Judge Pohl went out of his way to assure that al-Nashiri understood all his rights and repeatedly asked if he comprehended what was going on in the hearing. Al-Nashiri responded affirmatively, often slouching in his chair and appearing uninterested. Besides al-Nashiri, eight people sat on the defense side and six on the prosecution. Designed to try high-value detainees, the courtroom seats only the legal teams and jury. Around 15 chairs that accommodate military guards, line the side wall. The viewing gallery seats about 50 and audio is delayed 40 seconds to protect classified information that may arise in proceedings.
Judicial Watch was approved by the Department of Defense (DOD) to observe al-Nashiri’s arraignment along with several legal and civil rights groups, most of which are advocating on his behalf and pushing for the trial to be held in a civil court rather than a military tribunal. Judicial Watch witnessed a deep commitment to justice by military lawyers as well as al-Nashiri’s topnotch capital defense attorney. Even some of the pro al-Nashiri civil rights advocates who witnessed the arraignment admitted it was “well managed” and that they were “impressed” with some of the questions asked by defense attorneys.
The USS Cole was the target of a suicide attack while the warship was moored and being refueled in the Yemeni port of Aden. Seventeen American sailors were killed and dozens were injured. The blast occurred when a skiff laden with explosives detonated against the port-side hull of the USS Cole and tore a 40-by-40-foot hole in the side of the stricken ship. It was the deadliest attack against a U.S. Naval vessel since the Iraqi attack on the USS Stark in May 1987.
Osama bin Laden’s al-Qaeda terrorist organization claimed responsibility for the attack. In 2002, al-Qaeda operative al-Nashiri was captured in the United Arab Emirates and charged with being the mastermind of the bombing. He has been a prisoner at the Guantanamo Bay facility since September 2006. Previous to that, he was held in a secret CIA (Central Intelligence Agency) location. A DOD intelligence report describes him as one of al-Qaeda’s most skilled, capable and prolific operational coordinators.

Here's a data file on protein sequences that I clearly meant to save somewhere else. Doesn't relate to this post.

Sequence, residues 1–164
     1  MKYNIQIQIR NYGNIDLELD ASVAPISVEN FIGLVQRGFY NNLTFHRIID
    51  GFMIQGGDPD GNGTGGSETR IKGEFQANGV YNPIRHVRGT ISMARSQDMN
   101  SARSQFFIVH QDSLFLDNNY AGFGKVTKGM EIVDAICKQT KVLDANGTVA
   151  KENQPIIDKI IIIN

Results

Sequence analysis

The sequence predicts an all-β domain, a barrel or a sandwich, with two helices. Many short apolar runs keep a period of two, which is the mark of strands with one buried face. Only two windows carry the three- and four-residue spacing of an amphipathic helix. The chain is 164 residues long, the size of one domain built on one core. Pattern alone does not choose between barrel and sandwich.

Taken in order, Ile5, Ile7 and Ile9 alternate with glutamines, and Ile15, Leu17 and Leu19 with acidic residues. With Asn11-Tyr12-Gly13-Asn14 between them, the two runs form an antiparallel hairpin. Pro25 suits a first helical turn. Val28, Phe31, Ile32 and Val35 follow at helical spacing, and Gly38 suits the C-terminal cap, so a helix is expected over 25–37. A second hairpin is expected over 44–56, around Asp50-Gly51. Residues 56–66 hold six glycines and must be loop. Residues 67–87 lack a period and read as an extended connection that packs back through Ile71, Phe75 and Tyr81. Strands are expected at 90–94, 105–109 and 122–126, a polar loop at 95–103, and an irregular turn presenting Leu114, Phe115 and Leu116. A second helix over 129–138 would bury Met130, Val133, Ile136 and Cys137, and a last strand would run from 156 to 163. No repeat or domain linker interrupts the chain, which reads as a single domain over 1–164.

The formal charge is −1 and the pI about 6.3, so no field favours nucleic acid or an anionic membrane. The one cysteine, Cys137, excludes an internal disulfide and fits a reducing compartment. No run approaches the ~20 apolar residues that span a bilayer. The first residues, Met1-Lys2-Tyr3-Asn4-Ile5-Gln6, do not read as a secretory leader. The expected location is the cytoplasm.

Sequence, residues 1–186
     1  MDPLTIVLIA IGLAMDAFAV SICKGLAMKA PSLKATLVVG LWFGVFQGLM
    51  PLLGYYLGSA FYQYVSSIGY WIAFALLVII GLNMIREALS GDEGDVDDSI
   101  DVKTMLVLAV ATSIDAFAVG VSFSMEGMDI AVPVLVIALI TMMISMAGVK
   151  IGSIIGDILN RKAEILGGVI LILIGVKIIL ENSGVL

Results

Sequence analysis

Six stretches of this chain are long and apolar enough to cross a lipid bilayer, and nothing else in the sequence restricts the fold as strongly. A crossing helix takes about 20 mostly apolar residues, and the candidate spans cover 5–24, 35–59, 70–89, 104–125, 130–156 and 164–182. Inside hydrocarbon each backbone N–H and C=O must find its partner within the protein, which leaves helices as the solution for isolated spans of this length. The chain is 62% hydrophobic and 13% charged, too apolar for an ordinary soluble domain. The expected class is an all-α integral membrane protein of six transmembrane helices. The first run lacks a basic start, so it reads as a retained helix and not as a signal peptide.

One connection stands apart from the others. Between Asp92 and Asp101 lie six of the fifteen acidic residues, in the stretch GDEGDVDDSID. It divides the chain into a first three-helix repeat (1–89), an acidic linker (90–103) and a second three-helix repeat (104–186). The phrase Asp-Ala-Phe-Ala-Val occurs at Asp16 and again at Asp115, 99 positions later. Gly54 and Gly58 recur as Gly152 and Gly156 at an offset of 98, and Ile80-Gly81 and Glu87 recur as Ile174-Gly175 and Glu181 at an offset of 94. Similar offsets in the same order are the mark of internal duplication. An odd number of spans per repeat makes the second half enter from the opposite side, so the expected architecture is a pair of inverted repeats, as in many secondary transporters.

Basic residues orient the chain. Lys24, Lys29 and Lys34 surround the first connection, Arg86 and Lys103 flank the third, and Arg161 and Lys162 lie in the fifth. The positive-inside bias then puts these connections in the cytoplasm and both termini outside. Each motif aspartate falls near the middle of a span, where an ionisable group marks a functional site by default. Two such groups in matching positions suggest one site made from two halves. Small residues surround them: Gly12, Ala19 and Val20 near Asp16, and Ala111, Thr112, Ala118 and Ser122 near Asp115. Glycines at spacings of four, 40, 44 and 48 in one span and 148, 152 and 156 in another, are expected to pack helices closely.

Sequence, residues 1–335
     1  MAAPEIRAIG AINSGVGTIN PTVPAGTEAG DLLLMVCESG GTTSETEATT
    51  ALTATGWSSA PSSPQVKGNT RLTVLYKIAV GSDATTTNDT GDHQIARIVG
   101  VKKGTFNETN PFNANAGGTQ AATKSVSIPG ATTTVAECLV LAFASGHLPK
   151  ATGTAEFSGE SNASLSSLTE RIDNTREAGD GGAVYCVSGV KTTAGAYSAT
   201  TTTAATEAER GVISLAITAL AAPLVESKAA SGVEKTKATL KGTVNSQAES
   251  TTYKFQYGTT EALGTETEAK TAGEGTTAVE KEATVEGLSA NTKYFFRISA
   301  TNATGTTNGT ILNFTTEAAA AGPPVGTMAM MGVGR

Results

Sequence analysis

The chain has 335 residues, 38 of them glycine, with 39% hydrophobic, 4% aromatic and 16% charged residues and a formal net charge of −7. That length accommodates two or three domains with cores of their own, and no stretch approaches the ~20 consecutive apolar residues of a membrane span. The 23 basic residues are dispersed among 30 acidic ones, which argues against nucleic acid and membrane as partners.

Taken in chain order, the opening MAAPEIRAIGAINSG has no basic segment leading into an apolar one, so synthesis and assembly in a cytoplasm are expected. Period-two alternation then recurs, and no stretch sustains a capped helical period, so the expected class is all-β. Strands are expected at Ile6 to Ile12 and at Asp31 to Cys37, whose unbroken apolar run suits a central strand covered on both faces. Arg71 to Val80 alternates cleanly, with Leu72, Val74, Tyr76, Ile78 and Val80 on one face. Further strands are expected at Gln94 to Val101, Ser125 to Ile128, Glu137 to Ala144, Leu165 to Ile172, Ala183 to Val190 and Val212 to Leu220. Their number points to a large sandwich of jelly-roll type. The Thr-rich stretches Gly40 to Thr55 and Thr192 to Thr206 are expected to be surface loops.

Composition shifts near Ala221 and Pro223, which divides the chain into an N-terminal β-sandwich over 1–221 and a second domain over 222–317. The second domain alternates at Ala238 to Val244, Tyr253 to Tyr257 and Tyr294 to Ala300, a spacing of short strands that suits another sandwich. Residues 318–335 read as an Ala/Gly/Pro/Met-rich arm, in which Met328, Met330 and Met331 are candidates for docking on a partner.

After the arraignment the father of a sailor who died in the blast answered what appeared to be a challenge by a reporter about the death penalty in this case. “It’s worth it for 17 of our soldiers,” said John Clodfelter whose 21-year-old son Kenneth died in the USS Cole attack.
Judicial Watch, the public interest organization that investigates and prosecutes government corruption, announced today that it has been approved to monitor the military tribunal of Saudi-born Abd al-Rahim al-Nashiri, an al-Qaeda terrorist accused of orchestrating the October 12, 2000, attack on the Navy destroyer USS Cole. Al-Nashri is set to be arraigned at the Guantanamo Bay Naval Station, Cuba on November 9, 2011, with the prosecution planning to seek the death penalty.
Judicial Watch representative Irene Garcia has been approved to observe the proceedings by the U.S. Department of Defense through the Office of Military Commissions. At this time, the proceedings against Abd al-Rahim al-Nashiri is the only active case scheduled for Guantanamo Bay.
The USS Cole was the target of a suicide attack while the warship was moored and being refueled in the Yemeni port of Aden. Seventeen American sailors were killed and 39 were injured. The blast occurred when a skiff laden with explosives detonated against the port-side hull of the USS Cole and tore a 40-by-40-foot hole in the side of the stricken ship. It was the deadliest attack against a U.S. Naval vessel since the Iraqi attack on the USS Stark in May 1987.
Osama bin Laden’s al-Qaeda terrorist organization claimed responsibility for the attack. In 2002, al-Qaeda operative Abd al-Rahim al-Nashiri was captured in the United Arab Emirates and charged with being the mastermind of the bombing. He has been a prisoner at the Guantanamo Bay facility since September 2006. Previous to that, he was held in a secret CIA (Central Intelligence Agency) location.
Two days after his inauguration, Barack Obama signed an executive order directing that Guantanamo Bay be closed within a year. While the facility remains open, White House Spokesman Jay Carney told reporters in February 2011: “The president remains committed to closing Guantanamo.”
“It has been a long time in coming, but Abd al-Rahim al-Nashiri will now face the justice he deserves before a military tribunal,” said Tom Fitton, president of Judicial Watch. “In the effort to bring terrorists into the civilian court system, the Obama administration has irresponsibly disparaged military tribunals and the Guantanamo Bay terrorist-detention facility. We look forward to once again observing the military tribunal process and to providing some balance to the radical groups advocating for the terrorist detainees that will also be observing the proceedings.”
Judicial Watch Civil Litigation Director and attorney Paul Orfanedes visited Guantanamo Bay in 2008 to monitor military commission proceedings against Khalid Sheik Mohammed and other top 9/11 conspirators.